There are no guarantees that this radical approach will work as it is uncertain what the precise impact of these measures will have. Some vendors may simply retain the cash and not push it back into the economy, but hopefully it will encourage spending and reduce the risk of deflation. In normal circumstances, an injection of extra money of this magnitude might be expected to result in too much money and increased spending in the economy and therefore encourage inflation. When the banks start contributing to the flow of credit again, the Bank of England will withdraw its support and hopefully the wheel will keep on turning. There is a danger that the timing of the withdrawal could be misjudged. If the Bank of England raises interest rates and reverses its quantative easing program too slowly, it risks high inflation returning. If it is too quick to withdraw quantative easing it may stifle the recovery process altogether. The Bank of England believes it can prevent hyper inflation by turning the money supply off before the economy is flooded with cash. Rising inflation may force investors away from cash and gilts into real assets such as shares, property and gold. Whilst the Bank of England can create money, it cannot create confidence. To work properly, capitalism needs confidence. In the short term quantative easing will help keep the economy afloat, but in the long term the intervention may cause a listing effect that may take some time to correct.
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Individual Savings Accounts The Bank of England has cut interest rates six times since October 2008 (www.bankofengland.co.uk June 09) and they are now at their lowest level since the bank began 315 years ago. This has been great for some borrowers but, clearly, bad news for prudent savers with funds on deposit. Some of the largest deposits are held within Cash ISAs. Many people who have invested into Cash ISAs over the past few years realise they are now not delivering the income expected of them. Those relying on income from savings have had to consider stepping up the risk ladder to find alternative sources of income from shares or property as interest rates are expected to remain low for the foreseeable future. The only return from a deposit account is the interest being paid; there is no capital appreciation and the capital is at risk of inflation devaluing it’s purchasing power. There is, however, the option of immediately higher income that can rise along with the potential of long-term capital growth by investing in Stocks & Shares ISA’s.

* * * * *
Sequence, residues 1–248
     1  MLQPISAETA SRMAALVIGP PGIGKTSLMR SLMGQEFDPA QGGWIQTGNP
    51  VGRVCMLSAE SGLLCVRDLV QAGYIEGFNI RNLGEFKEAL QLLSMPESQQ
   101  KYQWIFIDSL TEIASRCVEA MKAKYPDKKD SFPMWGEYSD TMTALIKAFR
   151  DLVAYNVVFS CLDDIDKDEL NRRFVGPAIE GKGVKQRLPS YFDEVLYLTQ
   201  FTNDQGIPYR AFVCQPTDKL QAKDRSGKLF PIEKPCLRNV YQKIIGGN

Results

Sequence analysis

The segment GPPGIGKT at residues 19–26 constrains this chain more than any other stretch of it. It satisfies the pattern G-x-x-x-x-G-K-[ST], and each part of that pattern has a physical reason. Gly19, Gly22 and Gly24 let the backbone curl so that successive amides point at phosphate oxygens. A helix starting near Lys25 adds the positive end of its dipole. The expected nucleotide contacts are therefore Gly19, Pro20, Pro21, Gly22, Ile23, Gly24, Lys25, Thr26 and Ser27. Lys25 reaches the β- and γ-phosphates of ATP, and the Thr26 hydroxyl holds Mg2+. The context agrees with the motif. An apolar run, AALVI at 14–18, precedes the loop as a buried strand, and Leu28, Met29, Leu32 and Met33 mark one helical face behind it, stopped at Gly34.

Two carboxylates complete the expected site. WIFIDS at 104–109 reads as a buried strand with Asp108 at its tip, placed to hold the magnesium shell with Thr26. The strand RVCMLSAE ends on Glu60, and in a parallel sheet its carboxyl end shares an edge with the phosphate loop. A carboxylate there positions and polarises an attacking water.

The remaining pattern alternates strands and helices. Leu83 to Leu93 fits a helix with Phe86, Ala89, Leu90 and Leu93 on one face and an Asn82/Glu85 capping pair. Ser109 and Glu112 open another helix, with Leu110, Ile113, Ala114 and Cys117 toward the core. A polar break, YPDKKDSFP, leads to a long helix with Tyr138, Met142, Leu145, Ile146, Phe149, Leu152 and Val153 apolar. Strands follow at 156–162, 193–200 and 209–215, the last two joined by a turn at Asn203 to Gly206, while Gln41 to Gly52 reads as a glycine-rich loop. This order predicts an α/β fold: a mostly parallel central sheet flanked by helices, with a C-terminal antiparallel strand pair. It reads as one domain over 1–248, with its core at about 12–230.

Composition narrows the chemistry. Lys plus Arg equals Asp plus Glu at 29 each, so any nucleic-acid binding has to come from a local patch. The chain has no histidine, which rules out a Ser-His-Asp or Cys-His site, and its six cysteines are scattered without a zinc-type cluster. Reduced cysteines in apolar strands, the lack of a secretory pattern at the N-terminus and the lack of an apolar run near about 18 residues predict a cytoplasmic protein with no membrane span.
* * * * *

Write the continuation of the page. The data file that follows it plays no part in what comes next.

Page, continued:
Changes to ISAs (From 6th April 2008) Mini & Maxi ISAs no longer exist and have been replaced by Cash ISAs & Stocks and Shares ISAs. The total annual investment allowance into an ISA has been increased from £7,000 to £7,200 per tax year. This can now be divided between a Stocks & Shares ISA and a Cash ISA in any proportion subject to a maximum investment in a Cash ISA of £3,600. For example, you could mix and match by saving £1,000 in a Cash ISA and £6,200 in a Stocks and Shares ISA with the same or a different provider. Money already saved in previous years Cash ISAs can now be transferred in part or whole into Stock & Shares ISAs without affecting the current years allowance. All PEPs have also been reclassified as Stocks & Shares ISAs. The new rules will not permit the transfer of a Stocks and Shares ISA into a Cash ISA.
(From 6th October 2009) The annual ISA limit will go up from £7,200 to £10,200 from 6th October 2009 for people aged over 50years old. For everyone else this new limit will apply from 6th April 2010. The cash limit in the overall allowance will rise from £3,600 to £5,100. The remainder of the allowance can be invested in shares as before.